"The U. S where, In the past few hours, a jury has found a former police officer guilty of murder over the death of African American George Floyd in Minneapolis last year, Derek Shevin was filmed kneeling on Mr Floyd's neck. More than nine minutes during his arrest last May. The widely watched footage sparked worldwide protests against racism and excessive use of force by the police. Well, Mr Sherman will remain in custody until he's sentenced in a few weeks time he could spend decades in jail. These people who gathered outside the courthouse chanted after the verdicts were read out. Later. The lead prosecutor in the case, Jerry Blackwell, gave his reaction. No burden, then bring George Perry Floyd's back to us. This verdict does give a message to his family. That he was somebody That is, like matter. All of our lives matter, and that's important. And I also hope that this verdict for all of the rest of collective all of us. Help us further along the road toward a better humanity, one of George Floyd's brothers. Finally he's reacted to the verdict at a news conference with the family. I'm not just fighting for George anymore. I'm fighting for everybody around his world. I get calls. I get the EMS people from Brazil from Ghana from Germany. Everybody. London, Italy They're all saying the same thing. We won't be able to breathe until you're able to breathe. Today we're able to breathe again. Speaking after the verdicts, President Biden said the time had come for meaningful police reform in America. George Floyd was murdered almost a year ago. There's meaningful police reform legislation in his name legislation to tackle systemic misconduct and police departments to restore trust between law enforcement and the people there entrusted to serve and protect. It shouldn't take a whole year to get this done well throughout the program. We're gonna be joined by guests. I'm packing the implications of this verdict in 20 minutes or so you'll hear a moving tribute from a pastor who worked with Big Floyd as he was called in Houston. Who tells us of the affection for the man who went away to Minnesota, only to be murdered by Derek Shove. In one vital part of the story is what it means for law and law enforcement. David Schultz joins us Now live is criminal law Professor Hamline University in Minnesota and joins us live from simple Thank you for talking to us. Professor. Listen, 1st 1st off as a lawyer. What was your response to the verdict? Did you expect it from what you've seen and heard in court. Uh, given how strong the case seemed to have been, the prosecution didn't exceedingly good job jumping through two hurdles Hurdle. One was showing that Derrick Show and didn't act as a reasonable police officer and was not entitled to any type of qualified or statutory immunity to use force and two they very successful and being able to marshal evidence to show the Derrick show and caused the death of George Floyd. Given those two together, this sort of, I think the overwhelming Strength of the case they put together. I wasn't surprised by the verdict. I was a little surprised by how quickly it came. I wasn't expecting a verdict until Wednesday in the United States, But obviously the jurors were very convinced that the prosecution had just Done their job beyond the reasonable doubt and came to a verdict and all three counts very quickly. So so just given what we had watched, not completely surprised, but again, like I said, more surprised by how quickly it happened. How representative on significant Is it because we here time and again from campaigners? How unusual it is for police in cases like this to actually be held accountable. What was different about this one? What was important Was it the quality of the evidence? Was it the video that made it so visceral? Or was it the public sentiment around the case? I think a lot of things have changed over time if we go back, But nearly 30 years ago, there was another famous case involving Los Angeles police officers and Rodney King, which was caught on tape for Los Angeles, California police officers were beating Rodney King and they were acquitted. And people wondered. How could this happen? It's on take. We sup. I think lots of things have happened. You know, One of them is I think what changing us demographics changing us attitudes towards policing in America? I think We had the social media which was able to circulate these videos much more rapidly, but I think also hear it really was the sense in which there is a a changing view. Towards the extent of how far the police Congar Oh, in terms of using force in America s, so this is a cultural change, which which changes the attitudes off. Of 12 men and women True, the jury. There's no question about it and the fact that we've had so many incidents like this in the past, and especially in Minneapolis. We've had so many in the last few years. I think the public just sort of reached a breaking point released this case. The jury perhaps reached a breaking point. Also, right, Kamala Harris talking about new laws, she's calling for political support for a new law actually named after George Floyd. We need a new law, or is it just different, arguably better application of the old law because it's always been illegal for police officers to murder people. Do you need a new law? I think you do in a larger sense, because I think one of the conclusions that many people could draw from this is that what just that Derek showman was one bad apple and therefore the police got him out of the prosecution got him. The police turned their backs on him like like his chief Arredondo, and therefore everything is fine. But there's a more systemic problem that many people are saying in terms of police race use of force, and this is where I think the vice president is turning to saying that Took extreme case like this to get a guilty verdict. But there's far many cases out there where that never happens. And we need to be able to address those also. I'm very briefly, Professor. You're gonna be teaching this in class. Is it that kind of case It is that I've actually been teaching a criminal law class this semester, and we've been talking about every week and going through it in detail. So this becomes on Wednesday night, United States where I'll be teaching my class again. Ah, lot of detail, and this will be one of those cases that we talk about for years in terms of doesn't represent a racial transition or turning point in American policing and in American culture. David Crystal clear many thanks. Indeed, Professor David Schultz, criminal law professor at Hamline University in Minnesota, lives on the line there from Simple little bit later in the program, please stay with us. 10. Minutes time. You're gonna hear a very moving tribute to the man himself, George Floyd from someone who knew him well. That's news Day. Yes, you listen to these day on the BBC World Service our other top story now the complete turnaround by the six English Premier League football clubs, which had said just two days ago they were joined a European Super League Now they are not. Manchester City and Chelsea were the first ones to pull out and late last night Arsenal Liverpool Ask the United and Tottenham also withdrew. The Super League was condemned by fans, football authorities and government ministers in the UK and across Europe by you wafer on league associations, so the team so the left in at the moment are Italian sides. A C Milan into my land and event is on Spanish teams of 30 Co. Madrid, Barcelona and Real Madrid. So does this European Super League still have legs? Let's go to Spain now. Speak to sports journalist Highly Castro. Welcome one. Hello. Good morning. Okay, So what do you make off this announcement or English sides?.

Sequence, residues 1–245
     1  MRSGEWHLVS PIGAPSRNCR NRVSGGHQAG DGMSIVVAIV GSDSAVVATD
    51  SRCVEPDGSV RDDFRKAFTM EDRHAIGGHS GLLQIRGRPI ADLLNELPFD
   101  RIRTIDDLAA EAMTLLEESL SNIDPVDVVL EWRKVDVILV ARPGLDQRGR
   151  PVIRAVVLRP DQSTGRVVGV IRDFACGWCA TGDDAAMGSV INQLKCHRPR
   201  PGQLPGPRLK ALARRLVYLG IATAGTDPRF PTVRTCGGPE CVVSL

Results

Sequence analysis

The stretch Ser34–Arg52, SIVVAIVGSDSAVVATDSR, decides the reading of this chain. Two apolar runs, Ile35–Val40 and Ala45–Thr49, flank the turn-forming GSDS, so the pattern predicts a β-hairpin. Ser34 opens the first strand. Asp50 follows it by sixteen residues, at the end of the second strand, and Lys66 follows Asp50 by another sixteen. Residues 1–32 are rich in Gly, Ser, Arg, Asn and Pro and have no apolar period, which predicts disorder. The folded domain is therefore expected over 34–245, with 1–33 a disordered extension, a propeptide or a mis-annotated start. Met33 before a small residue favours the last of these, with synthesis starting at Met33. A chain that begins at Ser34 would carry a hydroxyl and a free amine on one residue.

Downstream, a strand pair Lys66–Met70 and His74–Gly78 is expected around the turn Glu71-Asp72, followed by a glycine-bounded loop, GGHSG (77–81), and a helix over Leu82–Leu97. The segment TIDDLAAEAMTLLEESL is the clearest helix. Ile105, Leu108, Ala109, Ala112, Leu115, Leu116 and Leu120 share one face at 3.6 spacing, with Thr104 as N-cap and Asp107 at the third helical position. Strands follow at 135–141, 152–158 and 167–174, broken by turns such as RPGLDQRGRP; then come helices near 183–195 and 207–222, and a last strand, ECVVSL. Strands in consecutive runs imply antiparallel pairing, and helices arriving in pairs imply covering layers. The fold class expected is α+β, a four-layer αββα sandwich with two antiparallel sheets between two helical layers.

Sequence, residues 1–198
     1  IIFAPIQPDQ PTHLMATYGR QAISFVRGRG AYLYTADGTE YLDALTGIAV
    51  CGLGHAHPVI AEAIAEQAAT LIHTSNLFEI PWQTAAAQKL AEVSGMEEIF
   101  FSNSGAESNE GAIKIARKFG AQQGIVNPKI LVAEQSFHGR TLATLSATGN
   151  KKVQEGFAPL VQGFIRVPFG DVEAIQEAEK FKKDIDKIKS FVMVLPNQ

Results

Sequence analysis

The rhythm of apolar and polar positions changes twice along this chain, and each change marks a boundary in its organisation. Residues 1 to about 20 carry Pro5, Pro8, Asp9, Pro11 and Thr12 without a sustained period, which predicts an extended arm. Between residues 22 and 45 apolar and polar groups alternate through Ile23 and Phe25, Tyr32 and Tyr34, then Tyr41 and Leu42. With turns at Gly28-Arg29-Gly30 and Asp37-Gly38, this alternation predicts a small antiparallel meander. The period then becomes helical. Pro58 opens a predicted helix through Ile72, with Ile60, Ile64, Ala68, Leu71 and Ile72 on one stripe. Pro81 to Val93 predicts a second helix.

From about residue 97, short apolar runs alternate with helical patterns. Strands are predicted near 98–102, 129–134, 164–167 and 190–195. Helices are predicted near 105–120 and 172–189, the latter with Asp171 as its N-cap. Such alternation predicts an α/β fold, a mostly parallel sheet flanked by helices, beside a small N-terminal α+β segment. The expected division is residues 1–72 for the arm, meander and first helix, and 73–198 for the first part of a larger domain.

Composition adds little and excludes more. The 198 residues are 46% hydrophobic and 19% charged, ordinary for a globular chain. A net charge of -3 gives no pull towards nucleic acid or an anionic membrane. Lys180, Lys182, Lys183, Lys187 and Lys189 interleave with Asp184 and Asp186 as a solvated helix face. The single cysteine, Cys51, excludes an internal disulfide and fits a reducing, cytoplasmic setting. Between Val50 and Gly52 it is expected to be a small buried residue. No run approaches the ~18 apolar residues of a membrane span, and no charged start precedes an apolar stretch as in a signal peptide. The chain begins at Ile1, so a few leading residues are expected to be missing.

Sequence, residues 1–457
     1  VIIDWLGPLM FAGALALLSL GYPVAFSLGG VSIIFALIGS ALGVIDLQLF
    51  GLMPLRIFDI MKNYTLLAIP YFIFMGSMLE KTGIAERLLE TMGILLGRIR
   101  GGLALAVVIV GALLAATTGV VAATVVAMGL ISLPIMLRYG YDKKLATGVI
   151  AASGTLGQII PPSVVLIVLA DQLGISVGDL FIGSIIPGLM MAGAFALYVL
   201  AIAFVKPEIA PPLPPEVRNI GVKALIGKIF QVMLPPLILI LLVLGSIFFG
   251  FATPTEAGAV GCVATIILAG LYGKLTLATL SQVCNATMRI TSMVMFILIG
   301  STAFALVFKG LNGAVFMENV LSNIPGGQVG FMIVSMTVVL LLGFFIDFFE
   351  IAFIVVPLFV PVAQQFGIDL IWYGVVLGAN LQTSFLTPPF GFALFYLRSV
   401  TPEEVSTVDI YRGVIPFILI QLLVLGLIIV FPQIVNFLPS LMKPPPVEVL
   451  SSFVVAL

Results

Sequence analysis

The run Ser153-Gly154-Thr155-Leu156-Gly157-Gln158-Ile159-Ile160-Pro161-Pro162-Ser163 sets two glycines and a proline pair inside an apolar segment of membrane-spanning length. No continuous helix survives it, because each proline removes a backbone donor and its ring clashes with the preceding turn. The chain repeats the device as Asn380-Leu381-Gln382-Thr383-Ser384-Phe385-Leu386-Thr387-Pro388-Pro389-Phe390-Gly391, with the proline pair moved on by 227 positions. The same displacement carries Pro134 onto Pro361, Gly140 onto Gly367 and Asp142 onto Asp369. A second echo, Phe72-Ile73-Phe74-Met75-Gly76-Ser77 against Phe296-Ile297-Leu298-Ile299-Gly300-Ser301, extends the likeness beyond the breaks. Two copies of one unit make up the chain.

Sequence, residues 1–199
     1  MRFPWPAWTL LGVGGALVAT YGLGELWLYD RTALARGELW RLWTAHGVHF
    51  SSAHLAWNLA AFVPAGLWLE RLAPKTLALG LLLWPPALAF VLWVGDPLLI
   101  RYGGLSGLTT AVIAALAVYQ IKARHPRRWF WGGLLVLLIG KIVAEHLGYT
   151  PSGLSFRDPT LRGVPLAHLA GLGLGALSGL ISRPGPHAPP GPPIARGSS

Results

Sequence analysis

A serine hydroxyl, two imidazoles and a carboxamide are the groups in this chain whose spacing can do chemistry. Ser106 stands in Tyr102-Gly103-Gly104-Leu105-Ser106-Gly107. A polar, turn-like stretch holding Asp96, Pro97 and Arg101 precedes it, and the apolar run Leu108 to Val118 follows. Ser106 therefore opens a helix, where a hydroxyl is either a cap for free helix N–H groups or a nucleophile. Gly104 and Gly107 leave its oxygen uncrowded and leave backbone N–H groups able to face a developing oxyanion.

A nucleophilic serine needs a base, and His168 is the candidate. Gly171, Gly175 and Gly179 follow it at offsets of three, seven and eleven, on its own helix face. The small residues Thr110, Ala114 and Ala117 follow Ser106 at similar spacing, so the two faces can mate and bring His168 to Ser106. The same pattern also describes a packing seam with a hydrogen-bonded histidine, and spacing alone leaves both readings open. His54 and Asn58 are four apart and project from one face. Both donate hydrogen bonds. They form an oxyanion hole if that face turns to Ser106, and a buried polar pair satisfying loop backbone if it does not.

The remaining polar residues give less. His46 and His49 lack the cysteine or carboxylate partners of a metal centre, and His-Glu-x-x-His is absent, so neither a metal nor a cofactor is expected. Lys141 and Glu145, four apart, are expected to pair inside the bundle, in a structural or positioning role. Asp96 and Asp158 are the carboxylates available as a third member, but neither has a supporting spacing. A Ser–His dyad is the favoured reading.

"jerry blackwell" Discussed on WGN Radio